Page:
However, I have to wonder if it held interest because of how awfully it was written, thus affecting a sort of voyeuristic "Where is he going with this?" kind of feeling. As to it being a fast read, I can't really account for this, as it often felt as though the whole book was the same first-draft page reprinted 339 times and shipped to the book store.
I don't know if Lavigne was going for his own 'style' here or not, a la Hemingway. What I do know is that writing a history of anything written entirely in present tense is enough to make me want to stop shaving and bathing and beat people up as I ride around on a bike trying to forget the whole experience. When did this brilliant idea surface? It's very irritating and the book suffers tremendously for it.
Also, I'm not sure anyone, including the author, reread or edited this book beyond the first draft. It seems like every 3,4,5 pages some bit of information is repeated as though it was a new thought. Very often this repetition is almost a complete letter-for-letter copy of a previous paragraph.
And another thing: could Lavigne compare MORE things to genitalia?
Read more ›
Comment Was this review helpful to you? Yes No Sending feedback...
Thank you for your feedback. If this review is inappropriate, please let us know.
Sorry, we failed to record your vote. Please try again
8 of 8 people found the following review helpful By Thomas S Roche on November 24, 2001
Format: Paperback
But still interesting. I'm an organized crime book junkie, so I loved much of the information in this, but it's told in such a weird, disconnected style that I wasn't sure what the point was. The author's opinion seems to be that the Hell's Angels are very naughty people and we should all be very scared of them, but I didn't get the sense that there was much of a point to the book beyond that. The main thing that works against Lavigne is that he jumps around so randomly in time that he'll be telling you about 1974 in one paragraph (in present tense) and then the next paragraph will be about 1984, with absolutely no transition. Reads like it was written by a guy on his fourth week of a bender on bad biker speed. He also rarely cites sources -- what are these, court documents? Confidential informants? Who the heck knows. Even so, the information is interesting, especially if you're a crime junkie. If you're looking for a book that makes much sense, though, look elsewhere.
Comment Was this review helpful to you? Yes No Sending feedback...
Thank you for your feedback. If this review is inappropriate, please let us know.
Sorry, we failed to record your vote. Please try again
10 of 11 people found the following review helpful By A Customer on April 13, 2003
Format: Paperback Verified Purchase
I need to add one more thing to my review above. There are a number of glaring errors in the book that call into question how much first person research Mr. Lavigne did and how much was based on hearsay from bikers, law enforcement, or other sources. The first error may be considered minor - a map purporting to show the locations of various HAMC clubs places San Bernardino in Ventura county instead of San Bernardino County. Others include claiming that the P.O.B.O.B's where founded in San Bernardino (they were founded in Bloomington - hence the acronym, "Pissed Off Bastards Of Bloomington", a suburb of Fontana, California.) There are others, but all together they make you wonder how much of this is reasearch by the author and how much is taken from other less informed sources.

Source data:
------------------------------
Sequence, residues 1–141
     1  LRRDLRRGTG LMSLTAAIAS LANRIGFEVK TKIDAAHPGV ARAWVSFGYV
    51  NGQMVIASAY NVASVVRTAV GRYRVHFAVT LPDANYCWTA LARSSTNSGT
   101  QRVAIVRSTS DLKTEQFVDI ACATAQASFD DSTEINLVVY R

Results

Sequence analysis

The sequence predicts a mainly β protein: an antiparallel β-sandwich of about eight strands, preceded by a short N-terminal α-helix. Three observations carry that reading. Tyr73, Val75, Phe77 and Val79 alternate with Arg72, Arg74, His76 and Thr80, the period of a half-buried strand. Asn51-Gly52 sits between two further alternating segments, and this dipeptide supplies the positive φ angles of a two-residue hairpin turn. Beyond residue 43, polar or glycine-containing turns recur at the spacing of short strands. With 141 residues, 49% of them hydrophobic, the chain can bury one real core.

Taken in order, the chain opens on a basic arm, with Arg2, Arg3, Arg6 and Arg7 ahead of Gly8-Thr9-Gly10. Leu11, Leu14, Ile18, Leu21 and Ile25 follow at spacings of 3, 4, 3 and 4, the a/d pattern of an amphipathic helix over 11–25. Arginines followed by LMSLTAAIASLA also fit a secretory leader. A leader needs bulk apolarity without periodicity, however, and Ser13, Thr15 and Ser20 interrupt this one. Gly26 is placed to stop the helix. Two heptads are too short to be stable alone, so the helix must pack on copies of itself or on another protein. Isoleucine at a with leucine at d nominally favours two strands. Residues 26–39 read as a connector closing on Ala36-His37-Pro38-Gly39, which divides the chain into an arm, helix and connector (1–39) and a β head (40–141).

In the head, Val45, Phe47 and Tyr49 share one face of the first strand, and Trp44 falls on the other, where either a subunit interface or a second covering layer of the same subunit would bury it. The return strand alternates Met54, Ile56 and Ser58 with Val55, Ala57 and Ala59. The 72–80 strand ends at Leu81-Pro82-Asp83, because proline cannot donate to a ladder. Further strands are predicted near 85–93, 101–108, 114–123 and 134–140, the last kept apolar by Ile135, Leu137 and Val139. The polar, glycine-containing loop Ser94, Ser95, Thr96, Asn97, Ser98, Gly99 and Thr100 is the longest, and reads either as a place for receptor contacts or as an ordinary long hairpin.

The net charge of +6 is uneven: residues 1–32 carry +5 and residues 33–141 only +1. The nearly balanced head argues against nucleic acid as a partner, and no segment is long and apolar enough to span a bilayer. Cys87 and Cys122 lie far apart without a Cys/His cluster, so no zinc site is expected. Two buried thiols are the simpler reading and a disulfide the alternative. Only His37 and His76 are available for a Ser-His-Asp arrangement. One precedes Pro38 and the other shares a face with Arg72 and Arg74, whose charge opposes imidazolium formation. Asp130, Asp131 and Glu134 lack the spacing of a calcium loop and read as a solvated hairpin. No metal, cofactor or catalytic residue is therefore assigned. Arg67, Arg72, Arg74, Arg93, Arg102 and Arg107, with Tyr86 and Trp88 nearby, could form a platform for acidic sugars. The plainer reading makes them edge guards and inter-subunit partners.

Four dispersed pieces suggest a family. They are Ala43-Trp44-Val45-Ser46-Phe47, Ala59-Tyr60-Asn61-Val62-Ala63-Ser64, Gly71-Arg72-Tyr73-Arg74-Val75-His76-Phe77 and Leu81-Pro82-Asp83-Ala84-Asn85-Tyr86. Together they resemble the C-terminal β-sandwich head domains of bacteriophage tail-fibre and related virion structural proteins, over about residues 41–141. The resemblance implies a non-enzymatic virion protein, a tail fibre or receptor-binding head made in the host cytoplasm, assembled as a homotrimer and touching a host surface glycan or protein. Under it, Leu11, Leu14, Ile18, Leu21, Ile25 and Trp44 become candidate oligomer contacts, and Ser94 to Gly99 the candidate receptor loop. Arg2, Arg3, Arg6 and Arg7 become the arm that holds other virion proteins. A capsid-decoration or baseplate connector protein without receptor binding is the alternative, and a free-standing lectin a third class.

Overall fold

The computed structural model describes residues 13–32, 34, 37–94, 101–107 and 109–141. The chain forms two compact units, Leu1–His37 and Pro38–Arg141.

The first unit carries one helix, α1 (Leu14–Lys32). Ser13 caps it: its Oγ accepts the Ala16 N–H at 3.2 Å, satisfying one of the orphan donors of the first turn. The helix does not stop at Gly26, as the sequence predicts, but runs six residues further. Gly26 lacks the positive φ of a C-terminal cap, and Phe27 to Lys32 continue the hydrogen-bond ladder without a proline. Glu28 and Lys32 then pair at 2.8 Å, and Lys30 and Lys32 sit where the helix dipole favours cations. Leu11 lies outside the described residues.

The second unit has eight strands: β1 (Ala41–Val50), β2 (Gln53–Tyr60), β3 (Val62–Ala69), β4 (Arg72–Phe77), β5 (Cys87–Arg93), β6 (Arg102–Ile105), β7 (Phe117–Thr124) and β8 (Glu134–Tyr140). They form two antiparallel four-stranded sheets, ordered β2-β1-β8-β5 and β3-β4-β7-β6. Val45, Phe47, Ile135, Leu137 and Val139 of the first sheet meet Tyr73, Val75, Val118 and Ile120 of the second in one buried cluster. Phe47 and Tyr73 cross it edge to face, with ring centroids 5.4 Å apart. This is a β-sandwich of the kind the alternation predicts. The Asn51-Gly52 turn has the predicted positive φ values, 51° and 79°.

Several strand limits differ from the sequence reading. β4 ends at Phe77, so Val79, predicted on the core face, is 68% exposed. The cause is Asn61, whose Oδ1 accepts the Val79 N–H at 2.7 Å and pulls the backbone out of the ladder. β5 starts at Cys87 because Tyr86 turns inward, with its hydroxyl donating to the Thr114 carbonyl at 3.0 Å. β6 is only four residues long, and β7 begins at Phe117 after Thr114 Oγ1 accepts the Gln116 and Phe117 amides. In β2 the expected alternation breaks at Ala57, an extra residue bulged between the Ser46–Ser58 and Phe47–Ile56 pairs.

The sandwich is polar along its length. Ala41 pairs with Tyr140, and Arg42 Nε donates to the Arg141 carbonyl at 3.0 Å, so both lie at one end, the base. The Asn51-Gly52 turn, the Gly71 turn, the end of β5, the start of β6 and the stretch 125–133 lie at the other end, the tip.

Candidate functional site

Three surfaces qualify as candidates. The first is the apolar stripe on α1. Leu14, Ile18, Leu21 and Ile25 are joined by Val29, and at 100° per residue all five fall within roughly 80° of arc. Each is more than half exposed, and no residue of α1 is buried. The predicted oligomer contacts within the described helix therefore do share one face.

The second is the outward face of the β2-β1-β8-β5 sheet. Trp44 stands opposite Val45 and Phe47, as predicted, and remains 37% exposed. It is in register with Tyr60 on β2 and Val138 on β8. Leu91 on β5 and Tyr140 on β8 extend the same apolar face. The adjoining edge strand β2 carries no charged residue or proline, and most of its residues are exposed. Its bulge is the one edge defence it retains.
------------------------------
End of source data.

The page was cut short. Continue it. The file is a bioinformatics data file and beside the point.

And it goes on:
Comment Was this review helpful to you? Yes No Sending feedback...
Thank you for your feedback. If this review is inappropriate, please let us know.
Sorry, we failed to record your vote. Please try again
4 of 4 people found the following review helpful By Murray B. Gardiner on August 11, 2008
Format: Paperback
This is probably the weakest book on the topic I have read. The hardest to deal with is the author's weak writing style and use of profane misogynistic gutter language. This language used in context of describing the behavior and mentality of the subject might be of value, but the author seems to be some kind of wannabe outlaw and is using language that is inappropriate for a study of the subject. Couple this with shallow journalism and no real analysis and you have a trite and offending book not worthy of the bathroom collection. I read 70 pages, scanned the rest and chucked it in the bin.
Comment Was this review helpful to you? Yes No Sending feedback...
Thank you for your feedback. If this review is inappropriate, please let us know.
Sorry, we failed to record your vote. Please try again
14 of 18 people found the following review helpful By A Customer on July 26, 1999
Format: Paperback
If you're interested in outlaw bikers, this is one of the most comprehensive books written since Hunter Thompson's HELLS ANGELS. It provides a clear understanding of what took the outlaw clubs from being about riding, fighting and women to being primarily focused on earning money and fighting the RICO laws. In addition to great background info on the Angels, there's hard to find history on the other three of the "Big Four" clubs. Although a lot of the book focuses on Canada, it's a great read and a must have for anyone interested in the outlaw biker subculture.
Comment Was this review helpful to you? Yes No Sending feedback...
Thank you for your feedback. If this review is inappropriate, please let us know.
Sorry, we failed to record your vote. Please try again

Most Recent Customer Reviews